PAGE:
Problem 0 - Replication: DNA polymerase is an enzyme that can synthesize DNA
molecules from nucleotides. They are essential in DNA replication, for example
during cell division. They read the existing DNA and create new copies of
double stranded DNA. In particular, DNA polymerase reads a DNA strand in
reverse (3' to 5'), and synthesizes a complementary strand of DNA (along the 5'
to 3' direction of the newly synthesized DNA). In short, it produces the reverse
complement of the original.
(5 points) Write a simple function that accepts a DNA sequence and returns its
reverse complement. The input should be a string and so should be the output
(This applies generally throughout this project, unless mentioned
otherwise). Write in two lines for full credit.
Problem 1 -
Transcription and Translation: As we discussed in
class, the central dogma of biology is the transcription of DNA into RNA
followed by translation of RNA into proteins. During transciption, RNA
polymerase traverses a DNA template strand in reverse, and
synthesizes a messenger RNA (mRNA) strand that is complementary to
the template's DNA. Then, the mRNA is translated by the ribosome into protein.
We will write functions to emulate this process.
(5 points) Write a
function that transcribes a complenetary DNA strand of a gene into
RNA. Write in two lines for full credit
(5 points) Note that Transcribe and RevComp functions do
almost the same work. Write a single line transcription
function that uses RevComp.
(10 points) Going back to the central dogma
model, we have transcribed the DNA into mRNA, what remains now is to translate
the mRNA into proteins.
Analogous to how a piece of code you write makes the computer produce some
output, DNA served as the code for a cell to produce mRNA. Now, mRNA serves as
the code for the cell to produce proteins as output. Proteins are made up of
amino acids. So cells must interpret the code in mRNA appropriately to produce
amino acids, which later combine to form proteins. For this, a cell reads the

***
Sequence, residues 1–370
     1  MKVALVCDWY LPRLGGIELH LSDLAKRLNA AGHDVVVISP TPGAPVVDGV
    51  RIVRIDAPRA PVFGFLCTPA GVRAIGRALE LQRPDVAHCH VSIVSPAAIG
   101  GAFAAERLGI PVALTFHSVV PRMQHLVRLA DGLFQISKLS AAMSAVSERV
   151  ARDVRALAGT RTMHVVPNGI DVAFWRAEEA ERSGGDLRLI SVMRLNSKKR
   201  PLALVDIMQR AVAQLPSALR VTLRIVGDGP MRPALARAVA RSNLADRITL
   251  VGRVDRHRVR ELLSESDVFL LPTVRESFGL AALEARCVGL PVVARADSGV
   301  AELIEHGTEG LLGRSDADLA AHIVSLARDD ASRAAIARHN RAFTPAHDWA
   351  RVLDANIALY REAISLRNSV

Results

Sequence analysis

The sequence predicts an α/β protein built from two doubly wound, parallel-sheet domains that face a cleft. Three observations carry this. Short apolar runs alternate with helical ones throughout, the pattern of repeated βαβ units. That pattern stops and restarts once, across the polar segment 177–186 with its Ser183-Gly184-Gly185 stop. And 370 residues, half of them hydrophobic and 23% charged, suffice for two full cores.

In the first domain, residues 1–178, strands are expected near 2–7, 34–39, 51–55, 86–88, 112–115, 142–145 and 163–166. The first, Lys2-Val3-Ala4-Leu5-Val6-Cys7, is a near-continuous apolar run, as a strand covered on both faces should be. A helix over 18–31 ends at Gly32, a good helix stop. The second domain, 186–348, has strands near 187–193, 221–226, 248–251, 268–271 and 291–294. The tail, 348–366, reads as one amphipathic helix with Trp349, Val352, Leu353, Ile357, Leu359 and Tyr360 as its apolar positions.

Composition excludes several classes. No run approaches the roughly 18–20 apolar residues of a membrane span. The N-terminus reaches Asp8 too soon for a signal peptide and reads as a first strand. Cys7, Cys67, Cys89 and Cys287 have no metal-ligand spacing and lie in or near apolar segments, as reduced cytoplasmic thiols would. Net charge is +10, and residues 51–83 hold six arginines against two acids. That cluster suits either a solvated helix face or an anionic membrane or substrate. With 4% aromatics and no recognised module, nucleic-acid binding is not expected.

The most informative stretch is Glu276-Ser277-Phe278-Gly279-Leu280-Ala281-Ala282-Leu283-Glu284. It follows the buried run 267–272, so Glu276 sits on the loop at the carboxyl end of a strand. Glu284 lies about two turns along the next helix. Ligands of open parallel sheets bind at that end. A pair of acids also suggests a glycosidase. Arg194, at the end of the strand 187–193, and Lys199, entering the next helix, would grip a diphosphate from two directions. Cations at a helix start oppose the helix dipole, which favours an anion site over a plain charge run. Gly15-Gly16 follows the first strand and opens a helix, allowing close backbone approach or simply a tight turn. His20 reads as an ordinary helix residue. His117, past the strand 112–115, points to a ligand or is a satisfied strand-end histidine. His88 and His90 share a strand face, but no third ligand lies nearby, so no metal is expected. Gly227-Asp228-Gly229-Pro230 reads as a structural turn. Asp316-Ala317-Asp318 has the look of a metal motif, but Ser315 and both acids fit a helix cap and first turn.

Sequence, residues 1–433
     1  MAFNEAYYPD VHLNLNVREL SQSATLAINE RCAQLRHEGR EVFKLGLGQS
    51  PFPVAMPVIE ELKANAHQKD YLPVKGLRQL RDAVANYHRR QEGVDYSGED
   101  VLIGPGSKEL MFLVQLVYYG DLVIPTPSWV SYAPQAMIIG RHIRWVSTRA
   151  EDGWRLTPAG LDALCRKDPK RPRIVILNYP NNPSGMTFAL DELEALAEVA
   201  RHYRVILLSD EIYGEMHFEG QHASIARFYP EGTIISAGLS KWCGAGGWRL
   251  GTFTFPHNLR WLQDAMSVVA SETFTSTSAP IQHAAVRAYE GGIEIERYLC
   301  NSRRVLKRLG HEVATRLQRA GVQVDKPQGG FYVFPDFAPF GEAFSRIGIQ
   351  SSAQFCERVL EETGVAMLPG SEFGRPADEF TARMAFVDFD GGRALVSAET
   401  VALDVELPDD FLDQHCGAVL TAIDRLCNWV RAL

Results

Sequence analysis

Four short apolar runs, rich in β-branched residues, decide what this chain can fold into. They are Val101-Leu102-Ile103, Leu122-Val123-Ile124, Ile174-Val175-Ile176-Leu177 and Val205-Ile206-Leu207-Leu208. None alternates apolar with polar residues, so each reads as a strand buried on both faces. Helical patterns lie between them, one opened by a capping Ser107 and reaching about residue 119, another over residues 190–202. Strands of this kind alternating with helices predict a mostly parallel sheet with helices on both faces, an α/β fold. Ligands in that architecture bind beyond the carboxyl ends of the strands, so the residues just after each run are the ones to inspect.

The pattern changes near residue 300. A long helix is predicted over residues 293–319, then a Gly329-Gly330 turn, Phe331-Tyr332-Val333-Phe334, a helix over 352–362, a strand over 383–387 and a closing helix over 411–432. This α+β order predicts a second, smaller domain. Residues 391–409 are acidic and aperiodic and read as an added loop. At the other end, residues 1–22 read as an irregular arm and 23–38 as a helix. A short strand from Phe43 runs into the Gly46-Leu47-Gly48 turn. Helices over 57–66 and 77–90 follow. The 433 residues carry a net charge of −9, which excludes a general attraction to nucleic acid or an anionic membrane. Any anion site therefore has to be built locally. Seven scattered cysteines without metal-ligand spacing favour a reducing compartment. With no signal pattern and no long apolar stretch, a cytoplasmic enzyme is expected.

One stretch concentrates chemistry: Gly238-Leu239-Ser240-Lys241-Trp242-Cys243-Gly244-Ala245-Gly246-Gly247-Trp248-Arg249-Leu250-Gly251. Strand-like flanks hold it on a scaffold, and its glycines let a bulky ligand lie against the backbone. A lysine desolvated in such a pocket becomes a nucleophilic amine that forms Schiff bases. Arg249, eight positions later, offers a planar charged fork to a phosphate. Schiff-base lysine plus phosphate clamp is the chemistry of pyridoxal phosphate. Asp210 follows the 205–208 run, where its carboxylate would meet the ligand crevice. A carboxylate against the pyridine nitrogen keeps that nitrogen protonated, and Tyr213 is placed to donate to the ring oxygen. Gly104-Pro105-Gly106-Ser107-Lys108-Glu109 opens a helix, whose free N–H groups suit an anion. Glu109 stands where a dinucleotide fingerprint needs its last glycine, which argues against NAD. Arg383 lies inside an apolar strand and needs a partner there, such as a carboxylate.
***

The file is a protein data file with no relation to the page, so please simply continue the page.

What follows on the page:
nucleotides in mRNA in groups of three, which are called codons.
The genetic code for the production of amino acids is provided below as a
dictionary. Each key is a codon, which is interpreted to produce the amino acid
indicated by the corresponding value. So for example the codon 'AAA' will
produce the amino acid denoted by 'K' (Lysine). The cell will stop translation
when it encounters a stop codon. In the following dictionary the
stop codons are associated with value of 'X'. The start codon, AUG, indicates
where translation should start (we won't code anything for this here, but it's
good to know).
For this problem, fill in the missing line below to make a function that
translates the mRNA to protein. Note: 1) your function should return an error
if the length of input is not a multiple of three, 2) your function should not
produce any more amino acids once a stop codon is found.
(5 points) The mRNA strand is the reverse
complement of the template strand of DNA, which is itself the reverse
complement of the coding strand. The function above translates from mRNA to
protein; below, write a function that takes a DNA coding strand as input and
returns the protein. The same notes as above apply here as well. The strands
below demonstrate useful terminology for understanding the remaining problems: